Who will hold the line on spending?

Congratulations to Nevada representatives Jim Gibbons, Shelley Berkley and Jon Porter for voting against a 2.2 percent pay raise that neverthless passed the House last week 240-173.

The raise puts the annual salaries of U.S. representatives at $158,100. It's the fifth year in a row they have given themselves cost-of-living pay raises.

If politicians wonder why they're not trusted, here is all the evidence they need. The pay raise was contained in a spending bill giving raises to federal civilian and military employees, so members of Congress wouldn't have to vote on it directly.

Fortunately, lawmakers led by Rep. Jim Matheson, D-Utah, used a procedural move to force an actual vote. So now we have a record of where they stand, and we're glad to see Nevada's three representatives on the right side.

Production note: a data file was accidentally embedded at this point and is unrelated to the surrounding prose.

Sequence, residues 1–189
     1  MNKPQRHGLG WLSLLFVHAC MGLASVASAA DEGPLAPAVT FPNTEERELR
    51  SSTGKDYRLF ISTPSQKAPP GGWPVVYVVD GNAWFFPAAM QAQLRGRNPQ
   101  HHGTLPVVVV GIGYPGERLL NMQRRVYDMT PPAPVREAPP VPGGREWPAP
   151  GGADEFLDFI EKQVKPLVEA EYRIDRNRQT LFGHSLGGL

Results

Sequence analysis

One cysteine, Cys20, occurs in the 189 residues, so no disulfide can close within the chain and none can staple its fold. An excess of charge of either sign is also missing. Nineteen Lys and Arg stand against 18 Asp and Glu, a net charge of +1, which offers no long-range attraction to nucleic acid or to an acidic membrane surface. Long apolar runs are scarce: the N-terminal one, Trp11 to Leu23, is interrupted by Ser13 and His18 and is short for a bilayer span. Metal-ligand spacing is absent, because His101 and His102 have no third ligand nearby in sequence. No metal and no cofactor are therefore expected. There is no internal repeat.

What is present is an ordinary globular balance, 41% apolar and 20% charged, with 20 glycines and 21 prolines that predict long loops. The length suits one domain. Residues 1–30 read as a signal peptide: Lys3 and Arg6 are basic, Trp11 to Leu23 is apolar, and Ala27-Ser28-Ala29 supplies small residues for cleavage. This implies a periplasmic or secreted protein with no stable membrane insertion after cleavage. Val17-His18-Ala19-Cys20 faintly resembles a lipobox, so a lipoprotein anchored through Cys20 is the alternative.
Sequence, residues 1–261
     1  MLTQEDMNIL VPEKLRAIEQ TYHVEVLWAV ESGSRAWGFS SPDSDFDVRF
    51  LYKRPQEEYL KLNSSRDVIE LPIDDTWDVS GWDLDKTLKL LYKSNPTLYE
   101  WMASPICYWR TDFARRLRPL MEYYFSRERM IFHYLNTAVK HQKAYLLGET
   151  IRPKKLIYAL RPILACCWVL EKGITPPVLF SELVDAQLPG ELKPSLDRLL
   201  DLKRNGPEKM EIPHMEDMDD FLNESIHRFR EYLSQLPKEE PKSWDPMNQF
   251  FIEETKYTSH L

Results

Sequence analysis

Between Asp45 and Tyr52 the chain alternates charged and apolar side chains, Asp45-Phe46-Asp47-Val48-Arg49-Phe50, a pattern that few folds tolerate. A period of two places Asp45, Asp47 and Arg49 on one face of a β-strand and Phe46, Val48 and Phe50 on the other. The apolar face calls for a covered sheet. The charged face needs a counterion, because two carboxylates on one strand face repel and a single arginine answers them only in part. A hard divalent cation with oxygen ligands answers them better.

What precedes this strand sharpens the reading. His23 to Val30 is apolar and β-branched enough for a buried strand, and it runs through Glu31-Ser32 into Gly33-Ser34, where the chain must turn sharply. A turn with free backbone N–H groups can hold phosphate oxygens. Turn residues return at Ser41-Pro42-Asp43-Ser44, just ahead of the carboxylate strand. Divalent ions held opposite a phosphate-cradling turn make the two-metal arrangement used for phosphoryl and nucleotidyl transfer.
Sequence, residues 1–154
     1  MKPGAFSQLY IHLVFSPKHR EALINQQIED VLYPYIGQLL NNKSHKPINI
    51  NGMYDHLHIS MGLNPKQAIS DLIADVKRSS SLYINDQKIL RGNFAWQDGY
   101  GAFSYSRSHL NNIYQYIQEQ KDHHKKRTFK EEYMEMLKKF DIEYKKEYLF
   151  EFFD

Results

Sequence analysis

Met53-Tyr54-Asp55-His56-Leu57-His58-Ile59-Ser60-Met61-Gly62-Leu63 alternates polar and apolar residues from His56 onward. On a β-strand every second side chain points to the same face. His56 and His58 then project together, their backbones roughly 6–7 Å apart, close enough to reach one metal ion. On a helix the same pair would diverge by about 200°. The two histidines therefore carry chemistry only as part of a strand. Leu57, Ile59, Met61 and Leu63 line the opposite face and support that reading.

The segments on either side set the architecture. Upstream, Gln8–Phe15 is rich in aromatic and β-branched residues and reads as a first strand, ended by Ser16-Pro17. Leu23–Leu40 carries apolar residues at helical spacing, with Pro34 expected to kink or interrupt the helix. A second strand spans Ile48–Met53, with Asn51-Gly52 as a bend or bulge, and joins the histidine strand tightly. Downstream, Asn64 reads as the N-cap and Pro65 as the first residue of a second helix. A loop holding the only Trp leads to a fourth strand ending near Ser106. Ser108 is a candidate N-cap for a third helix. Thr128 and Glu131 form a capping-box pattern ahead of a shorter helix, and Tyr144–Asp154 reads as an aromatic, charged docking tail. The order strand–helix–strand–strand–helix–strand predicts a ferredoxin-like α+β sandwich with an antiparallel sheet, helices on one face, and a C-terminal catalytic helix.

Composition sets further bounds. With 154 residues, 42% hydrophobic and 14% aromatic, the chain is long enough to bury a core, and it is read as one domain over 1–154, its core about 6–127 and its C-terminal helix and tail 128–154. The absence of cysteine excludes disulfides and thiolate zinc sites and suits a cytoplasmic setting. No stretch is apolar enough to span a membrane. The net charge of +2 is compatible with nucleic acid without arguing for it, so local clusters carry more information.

For the 240 who voted to go ahead with the raise, though, we would like to hear an explanation.

What have you done to merit a raise? What about the condition of the federal budget makes you think it can bear this raise? What direction did you have from voters -- taxpayers -- that made you believe the raise is justified?

In the deafening silence, we are left with another clear signal that the U.S. House cannot resist spending tax money any opportunity it gets -- particularly if that tax money goes straight into their own pockets.

It's particularly disappointing that the House, where Republicans hold a 229-205 majority, not only couldn't hold the line on their own salaries, but went against President Bush's request to keep raises for federal civilian workers to 2 percent. Instead, they granted a 4.1 percent increase, spending $2 billion more than Bush had planned.

The U.S. Senate will have a chance to kill it. We can only hope.


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